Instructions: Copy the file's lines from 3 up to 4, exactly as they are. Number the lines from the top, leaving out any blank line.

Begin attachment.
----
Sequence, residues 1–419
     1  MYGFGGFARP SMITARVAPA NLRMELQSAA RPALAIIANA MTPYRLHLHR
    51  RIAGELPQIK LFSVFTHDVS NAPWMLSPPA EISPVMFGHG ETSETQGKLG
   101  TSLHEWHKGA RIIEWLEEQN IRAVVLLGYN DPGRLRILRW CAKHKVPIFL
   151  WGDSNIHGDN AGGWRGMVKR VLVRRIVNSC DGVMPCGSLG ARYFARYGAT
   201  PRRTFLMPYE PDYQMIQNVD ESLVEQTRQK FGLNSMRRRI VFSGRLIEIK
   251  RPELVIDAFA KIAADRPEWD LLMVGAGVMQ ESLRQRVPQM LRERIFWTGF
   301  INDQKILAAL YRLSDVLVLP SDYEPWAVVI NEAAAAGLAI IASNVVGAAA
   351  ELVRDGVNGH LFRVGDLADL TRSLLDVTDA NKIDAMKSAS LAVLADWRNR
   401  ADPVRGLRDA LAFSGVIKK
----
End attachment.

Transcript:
    51  RIAGELPQIK LFSVFTHDVS NAPWMLSPPA EISPVMFGHG ETSETQGKLG
   101  TSLHEWHKGA RIIEWLEEQN IRAVVLLGYN DPGRLRILRW CAKHKVPIFL